The dynamic expression patterns of writer, reader and eraser proteins complicate the identification of the precise functional consequences of aberrant deposition of modifications on RNA metabolism. Thus uncovering the complete repertoire of cellular RNA substrates and the writers, readers, and erasers will unveil how the intricate network of epitranscriptomic events can converge into similar cellular processes and showing how their unbalanced deposition may lead to pathologies. For example, HIF1A mRNA is stabilized by m6A deposition, while in melanoma cells high levels of HIF1α protein are maintained by modifications at the U34 wobble position of tRNAs [51, 143]. Furthermore, it will be essential to understand the factors or signals that determine the specificity of the RNA modification writers, readers, and erasers and how these proteins are regulated in different cell types. For instance, METTL16 is sensitive to SAM levels and can regulate its synthesis by modifying the SAM synthase gene MAT2A as a feedback loop mechanism [313]. In addition, we need to develop innovative technologies for precise manipulation of the epitranscriptome and functional assays that enables to understand their dynamic mechanisms of action of each modified RNA, since depletion of individual RNA modifier may not be sufficient to comprehensively understand their roles. For example, while the main target for NSUN2 are tRNAs, it still remains unclear whether the phenotypic changes seeing upon Nsun2 deletion are caused by decrease methylation of tRNAs, or other RNA substrates may as well contribute to the observed phenotype [42, 168, 179, 181, 182].

We start to appreciate the wide range of functional consequences of the aberrant deposition of RNA modifications in human diseases including cancer. For example, aberrant deposition of tRNA modifications, including Ψ and m5C, leads to perturbed accumulation of tRNA fragments, a novel class of functional ncRNAs whose role is associated with aberrant protein synthesis rates and reprograming of the translational machinery in tissue and cancer stem cell populations [33, 230]. These findings support the current view that balanced protein synthesis and tight control of mRNA translation is central to cellular processes involved in tumorigenesis [314] and highlights a key role for tRNAs and tRNAs fragments in tumourigenic processes [315]. Yet, our understanding on how specific species of tRNA fragments govern these processes and the clinical implications of their aberrant expression are still very limited. Future studies will be necessary to decipher the molecular bases of the translation reprograming driven by tRNA fragments. Additional work will be necessary to differentiate the contribution of global changes in tRNA pools versus specific population tRNA-derived fragments in the tumour promoting effect of aberrant protein synthesis [315]. More importantly, given their association to cancer progression, their therapeutic potential must be explored exploiting the current advent in miRNA-based therapeutics [316].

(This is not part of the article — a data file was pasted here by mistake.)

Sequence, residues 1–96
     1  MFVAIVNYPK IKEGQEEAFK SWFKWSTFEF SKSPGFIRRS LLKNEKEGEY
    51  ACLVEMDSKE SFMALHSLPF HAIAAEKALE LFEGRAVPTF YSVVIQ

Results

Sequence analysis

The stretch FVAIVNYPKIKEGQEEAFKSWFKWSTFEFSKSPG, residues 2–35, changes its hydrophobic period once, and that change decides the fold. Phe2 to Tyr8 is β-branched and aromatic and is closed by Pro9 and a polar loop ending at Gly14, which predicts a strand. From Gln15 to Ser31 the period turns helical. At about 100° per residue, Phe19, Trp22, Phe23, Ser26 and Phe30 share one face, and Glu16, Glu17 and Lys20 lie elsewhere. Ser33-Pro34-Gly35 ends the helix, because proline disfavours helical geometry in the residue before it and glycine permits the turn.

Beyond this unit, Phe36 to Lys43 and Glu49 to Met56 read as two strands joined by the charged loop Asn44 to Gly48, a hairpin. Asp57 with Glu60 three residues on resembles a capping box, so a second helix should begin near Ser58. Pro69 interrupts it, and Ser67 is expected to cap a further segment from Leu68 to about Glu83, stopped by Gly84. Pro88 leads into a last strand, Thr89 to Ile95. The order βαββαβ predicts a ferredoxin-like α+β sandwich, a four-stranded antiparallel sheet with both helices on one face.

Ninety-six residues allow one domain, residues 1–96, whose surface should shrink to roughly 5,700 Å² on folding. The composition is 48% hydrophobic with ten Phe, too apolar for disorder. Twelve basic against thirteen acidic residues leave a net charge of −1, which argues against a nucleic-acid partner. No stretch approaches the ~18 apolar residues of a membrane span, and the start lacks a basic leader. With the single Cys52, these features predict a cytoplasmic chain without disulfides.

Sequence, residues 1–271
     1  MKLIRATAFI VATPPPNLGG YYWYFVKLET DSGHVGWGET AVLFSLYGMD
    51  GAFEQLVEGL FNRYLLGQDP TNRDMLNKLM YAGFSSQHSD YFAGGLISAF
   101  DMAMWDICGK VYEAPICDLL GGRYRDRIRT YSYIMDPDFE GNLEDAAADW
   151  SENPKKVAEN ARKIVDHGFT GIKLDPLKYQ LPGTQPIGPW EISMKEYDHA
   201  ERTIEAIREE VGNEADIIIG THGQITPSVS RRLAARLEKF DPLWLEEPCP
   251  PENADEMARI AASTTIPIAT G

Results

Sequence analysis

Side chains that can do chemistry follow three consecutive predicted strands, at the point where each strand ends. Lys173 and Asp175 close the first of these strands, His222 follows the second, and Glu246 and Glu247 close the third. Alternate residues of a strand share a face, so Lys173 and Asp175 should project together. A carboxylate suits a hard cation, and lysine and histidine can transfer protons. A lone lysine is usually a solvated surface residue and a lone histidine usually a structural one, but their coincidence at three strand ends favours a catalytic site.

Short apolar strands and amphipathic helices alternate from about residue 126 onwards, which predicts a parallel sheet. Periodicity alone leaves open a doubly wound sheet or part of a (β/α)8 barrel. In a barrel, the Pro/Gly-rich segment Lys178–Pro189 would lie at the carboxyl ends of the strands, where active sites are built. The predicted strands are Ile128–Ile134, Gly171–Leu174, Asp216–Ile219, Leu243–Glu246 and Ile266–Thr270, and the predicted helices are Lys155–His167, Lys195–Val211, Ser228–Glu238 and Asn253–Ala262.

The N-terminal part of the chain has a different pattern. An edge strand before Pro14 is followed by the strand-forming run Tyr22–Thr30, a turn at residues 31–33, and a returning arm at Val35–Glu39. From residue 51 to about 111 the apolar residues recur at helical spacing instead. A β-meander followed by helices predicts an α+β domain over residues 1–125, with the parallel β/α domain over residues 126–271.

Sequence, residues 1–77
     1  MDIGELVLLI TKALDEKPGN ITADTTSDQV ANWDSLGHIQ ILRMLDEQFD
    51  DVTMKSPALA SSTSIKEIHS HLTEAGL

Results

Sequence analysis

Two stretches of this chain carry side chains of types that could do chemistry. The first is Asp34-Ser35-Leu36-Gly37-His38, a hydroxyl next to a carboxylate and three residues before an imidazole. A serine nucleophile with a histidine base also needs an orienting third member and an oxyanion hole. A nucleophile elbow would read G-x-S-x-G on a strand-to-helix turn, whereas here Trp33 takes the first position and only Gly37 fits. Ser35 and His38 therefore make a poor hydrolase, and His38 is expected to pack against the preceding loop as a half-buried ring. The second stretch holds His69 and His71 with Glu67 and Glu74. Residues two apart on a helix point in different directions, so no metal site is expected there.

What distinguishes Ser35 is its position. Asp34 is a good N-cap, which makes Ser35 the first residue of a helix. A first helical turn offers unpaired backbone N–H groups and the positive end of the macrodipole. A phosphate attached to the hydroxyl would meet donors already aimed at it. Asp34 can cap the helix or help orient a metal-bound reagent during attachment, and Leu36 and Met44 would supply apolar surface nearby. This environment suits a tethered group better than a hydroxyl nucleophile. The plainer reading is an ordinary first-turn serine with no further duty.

Recent advancements in the rapidly evolving field of epitranscriptomics have linked the reprogramming of components of the epitranscriptomic machinery including writers, erasers or readers of the m6A, m5C or Ψ to cancer. The extensive number of RNA modifications that constitute the epitranscriptome and the reversible nature of epitranscriptomic aberrations hold promise to the emergence of a promising field of epitranscriptomic therapy, which is already making progress with the recent development of effective inhibitors against m6A modifying proteins. In the last years, several seminal studies have shed light onto the diagnostic and therapeutic potential of targeting the cancer epitranscriptomic code [3, 33, 317], yet we are far from understanding whether spatio-temporal modifications of the epitranscriptome can drive tumour initiation [318]. In addition, their use as therapeutic agents remains a great challenge due to the lack of consistent and consolidated evidence on the oncogenic or tumour suppressive nature of for example the aberrant deposition of m6A. The inconsistent evidence may reflect the precise functional outcome of the RNA modification on each modified RNA type, their crosstalk with other active signalling processes and the dynamic nature of the epitranscriptome. Identifying accurate epitranscriptome biomarkers and defining the oncogenic or tumour suppressive effect of a given aberrant modification within a specific cellular context, cell type, cellular proliferative capacity or tumour microenvironment will guide finding the exact molecular targets to develop selective and effective therapies for a given tumour type.